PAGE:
Feature Story | 5-Mar-2024

Revealing the weakest link: Leading neuroscientist finds home at NextGen Precision Health

From dissecting neuronal circuits to working on cures for the world’s most prolific neurogenerative diseases, Smita Saxena’s expertise runs the biomedical gamut

University of Missouri-Columbia

As a child, Smita Saxena was fascinated by electrical circuits. In her spare time, she would open the backs of electrical gadgets that lay around the house to study how they worked. Today, fueled in part by her childhood curiosity, Saxena studies neuronal circuits inside the human brain as an established neuroscientist at the University of Missouri.

Saxena joined MU’s NextGen Precision Health team in early December 2023, relocating from Switzerland where she had worked in the Department of Neurology and Department for Biomedical Research at the University of Bern. Her neuroscience lab, which will be on the fourth floor of the NextGen building, will start research on fighting neurodegenerative diseases in late February.

Published widely in prestigious journals such as Neuron and Nature Neuroscience, Saxena’s research focuses on understanding the innermost workings of diseases such as Amyotrophic Lateral Sclerosis, Spinocerebellar ataxias and dementia. Scientists know relatively little about these diseases, which start in the brain and can be affected by several factors.

“We know that neurodegenerative disease is increasing because people are living to be older,” Saxena said. “The burden for diseases like dementia is high. There’s a genetic component, a susceptibility component, a person’s lifestyle and environment, which are all factors that influence how neurodegeneration functions. It’s important to me to get to the bottom of these conditions to improve people’s lives and, one day, be able to cure these diseases altogether.”

The weakest link

One of Saxena and her team’s most proud breakthroughs was the conceptualization of a hypothesis  that she terms “the weakest link,” a reference to the British gameshow where at the end of each round of general knowledge questions, the players vote one contestant out for the fewest correct answers. In the world of neuroscience, Saxena is referring to the neurons that make up neuronal circuits — the building blocks in the brain that activate functions in the body.

The theory of the weakest link is that, within a neuronal network, all neurons work together in harmony. But when disease infiltrates the network, its neurons are affected differently. The fate of the neurons that are weakest is determined by the stronger neurons adapt and survive, ultimately leading to the demise of the weakest neurons within a circuit.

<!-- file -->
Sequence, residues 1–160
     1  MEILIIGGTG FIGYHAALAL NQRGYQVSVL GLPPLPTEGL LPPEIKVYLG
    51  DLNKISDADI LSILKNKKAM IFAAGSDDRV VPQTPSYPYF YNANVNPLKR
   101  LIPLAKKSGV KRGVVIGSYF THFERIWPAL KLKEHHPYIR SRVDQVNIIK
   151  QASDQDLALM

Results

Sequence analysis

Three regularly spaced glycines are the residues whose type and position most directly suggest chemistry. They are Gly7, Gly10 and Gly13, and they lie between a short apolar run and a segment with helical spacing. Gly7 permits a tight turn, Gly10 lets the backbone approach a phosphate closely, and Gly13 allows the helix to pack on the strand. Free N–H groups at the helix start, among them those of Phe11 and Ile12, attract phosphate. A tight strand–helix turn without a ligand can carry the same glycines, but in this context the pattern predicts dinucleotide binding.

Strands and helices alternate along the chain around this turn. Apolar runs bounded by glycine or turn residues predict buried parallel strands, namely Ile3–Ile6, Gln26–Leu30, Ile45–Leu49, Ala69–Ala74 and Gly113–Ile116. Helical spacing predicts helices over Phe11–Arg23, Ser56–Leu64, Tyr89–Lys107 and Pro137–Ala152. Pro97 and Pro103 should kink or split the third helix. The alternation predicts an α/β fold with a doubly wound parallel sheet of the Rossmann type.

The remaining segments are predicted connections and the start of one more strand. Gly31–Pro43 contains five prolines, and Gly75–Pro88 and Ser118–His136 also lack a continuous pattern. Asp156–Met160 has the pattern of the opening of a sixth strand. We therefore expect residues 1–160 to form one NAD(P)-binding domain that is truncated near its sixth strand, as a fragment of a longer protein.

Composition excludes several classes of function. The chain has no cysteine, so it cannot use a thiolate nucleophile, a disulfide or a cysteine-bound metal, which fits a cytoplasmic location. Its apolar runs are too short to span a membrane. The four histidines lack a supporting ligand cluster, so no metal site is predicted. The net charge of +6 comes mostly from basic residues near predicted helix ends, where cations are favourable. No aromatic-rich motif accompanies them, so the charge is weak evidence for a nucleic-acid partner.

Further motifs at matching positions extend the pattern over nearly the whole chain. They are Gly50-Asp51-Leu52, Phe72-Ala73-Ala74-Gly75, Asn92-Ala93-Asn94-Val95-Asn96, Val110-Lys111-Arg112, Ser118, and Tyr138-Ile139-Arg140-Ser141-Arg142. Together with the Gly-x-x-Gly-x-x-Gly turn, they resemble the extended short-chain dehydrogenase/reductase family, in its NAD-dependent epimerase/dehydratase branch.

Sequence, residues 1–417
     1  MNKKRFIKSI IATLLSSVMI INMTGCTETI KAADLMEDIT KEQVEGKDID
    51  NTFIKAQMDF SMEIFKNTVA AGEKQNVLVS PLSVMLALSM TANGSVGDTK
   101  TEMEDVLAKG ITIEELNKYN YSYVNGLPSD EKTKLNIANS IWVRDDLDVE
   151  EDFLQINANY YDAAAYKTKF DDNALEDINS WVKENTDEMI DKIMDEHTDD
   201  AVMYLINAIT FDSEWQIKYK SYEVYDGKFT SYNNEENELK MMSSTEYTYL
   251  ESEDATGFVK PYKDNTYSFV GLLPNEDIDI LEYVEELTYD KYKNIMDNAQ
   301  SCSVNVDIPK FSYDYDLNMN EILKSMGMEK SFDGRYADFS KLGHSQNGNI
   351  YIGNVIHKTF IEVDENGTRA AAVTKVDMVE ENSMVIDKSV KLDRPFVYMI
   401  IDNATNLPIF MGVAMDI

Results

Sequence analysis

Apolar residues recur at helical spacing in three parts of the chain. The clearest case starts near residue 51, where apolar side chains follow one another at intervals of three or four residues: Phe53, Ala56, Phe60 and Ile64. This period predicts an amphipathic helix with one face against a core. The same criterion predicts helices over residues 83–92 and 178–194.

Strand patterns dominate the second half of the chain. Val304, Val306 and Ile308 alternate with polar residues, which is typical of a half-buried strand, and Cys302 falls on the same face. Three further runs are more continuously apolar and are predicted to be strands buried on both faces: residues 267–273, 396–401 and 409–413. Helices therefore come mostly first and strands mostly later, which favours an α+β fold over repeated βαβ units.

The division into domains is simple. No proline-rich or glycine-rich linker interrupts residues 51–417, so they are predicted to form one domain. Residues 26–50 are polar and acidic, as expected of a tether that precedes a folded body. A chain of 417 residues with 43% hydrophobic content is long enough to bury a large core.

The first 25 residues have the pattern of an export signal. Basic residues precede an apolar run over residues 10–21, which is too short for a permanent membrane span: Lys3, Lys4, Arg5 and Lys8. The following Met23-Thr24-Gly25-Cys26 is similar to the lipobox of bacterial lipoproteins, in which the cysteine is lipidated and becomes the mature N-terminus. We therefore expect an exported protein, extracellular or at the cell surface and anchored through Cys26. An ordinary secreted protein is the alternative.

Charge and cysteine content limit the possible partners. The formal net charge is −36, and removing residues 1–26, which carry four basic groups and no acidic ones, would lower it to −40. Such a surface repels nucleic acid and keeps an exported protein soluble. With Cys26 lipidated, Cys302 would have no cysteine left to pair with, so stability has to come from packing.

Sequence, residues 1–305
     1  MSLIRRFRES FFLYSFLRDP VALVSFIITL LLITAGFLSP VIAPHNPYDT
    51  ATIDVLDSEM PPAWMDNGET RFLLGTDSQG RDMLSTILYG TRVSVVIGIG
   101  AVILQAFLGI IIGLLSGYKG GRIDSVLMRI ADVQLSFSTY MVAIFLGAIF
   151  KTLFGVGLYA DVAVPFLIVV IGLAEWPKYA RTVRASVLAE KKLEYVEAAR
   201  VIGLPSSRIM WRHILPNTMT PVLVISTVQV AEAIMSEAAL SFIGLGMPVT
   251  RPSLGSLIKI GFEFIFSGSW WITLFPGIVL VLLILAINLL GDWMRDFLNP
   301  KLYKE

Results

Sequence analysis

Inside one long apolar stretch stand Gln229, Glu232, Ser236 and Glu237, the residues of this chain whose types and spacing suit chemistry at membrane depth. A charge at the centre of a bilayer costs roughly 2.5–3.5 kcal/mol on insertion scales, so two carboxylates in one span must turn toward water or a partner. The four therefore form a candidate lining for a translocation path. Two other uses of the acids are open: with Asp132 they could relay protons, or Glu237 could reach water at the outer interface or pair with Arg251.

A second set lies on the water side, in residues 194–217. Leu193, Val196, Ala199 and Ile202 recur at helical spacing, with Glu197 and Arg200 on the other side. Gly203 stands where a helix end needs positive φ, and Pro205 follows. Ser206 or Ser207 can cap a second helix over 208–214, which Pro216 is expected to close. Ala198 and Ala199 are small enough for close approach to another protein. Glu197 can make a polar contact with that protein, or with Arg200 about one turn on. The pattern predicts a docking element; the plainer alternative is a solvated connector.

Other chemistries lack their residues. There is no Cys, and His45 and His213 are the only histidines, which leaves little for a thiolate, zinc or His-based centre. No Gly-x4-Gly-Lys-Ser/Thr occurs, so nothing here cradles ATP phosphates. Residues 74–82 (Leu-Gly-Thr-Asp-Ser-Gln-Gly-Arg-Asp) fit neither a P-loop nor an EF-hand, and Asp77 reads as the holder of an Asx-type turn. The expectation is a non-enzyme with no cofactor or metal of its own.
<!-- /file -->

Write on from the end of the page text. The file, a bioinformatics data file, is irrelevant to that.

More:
This discovery is significant because it helps scientists pinpoint where neurodegenerative diseases cause dysfunction in otherwise healthy circuits, Saxena explained.

“This concept is a game changer because it opens up avenues for therapeutics and brings a fresh perspective to the field in terms of thinking not just at the single-cell level, but at the circuit level,” she said. “When we understand which cells are vulnerable, then it becomes easier to refine treatments for a specific disease.”

Since joining the team at NextGen Precision Health, Saxena plans to move much of her research into the realm of translational medicine, fostering future clinical trials.

“I am so impressed by the state-of-the-art facilities at NextGen,” Saxena said. “I decided to come to Mizzou because I saw an opportunity to use my research to create real change for Missourians. NextGen already has patients who are willing to participate in clinical trials, which allows me to focus on my research and start making a difference for patients even sooner. Mizzou is the best place to connect research with the patients, whose lives it could revolutionize.”

Eyes on the future

When it opens this month, Saxena will join a team of neuroscientists at NextGen who are collaborating to push the frontiers of biomedical knowledge as it relates to neurodegenerative disorders — a string of conditions that are often relatively incurable and affect millions of Americans each year.

“We are actively recruiting researchers in the areas neurodegeneration, genetic or neurodevelopmental disorders, and neurotraumatic conditions,” said David Arnold, the executive director of the NextGen Precision Health initiative. “Dr. Saxena is a world-class neuroscientist and proven leader in the field of neurodegeneration who will help catalyze major discoveries.”

Saxena’s lab has a number of projects lined up already. The first focuses on deriving neurons from human patient skin fibers in a lab setting. This technique is helpful for scientists who can  isolate the relevant disease signatures while conserving patient-specific functional changes — an advance that can help physicians successfully diagnose  and stage diseases.  

The brain is a challenging body part to treat with therapeutics due to the blood-brain barrier, a semi-permeable membrane between the blood and the brain.  Thus, her lab has a strong interest in the development of nano lipids that can carry the drug across the blood-brain barrier and deliver them within precise regions of the brain. Saxena’s lab is also working to understand the crosstalk between microglia — immune cells in the brain and spinal cord, and their contribution to causing neuroinflammation, a crucial determinant for neurodegeneration.

“I’m excited about the possibilities at Mizzou,” Saxena said. “With world-class facilities and collaborators, the progress we could make on understanding and creating effective therapeutics for diseases that pose a barrier to people growing old is a dream.”

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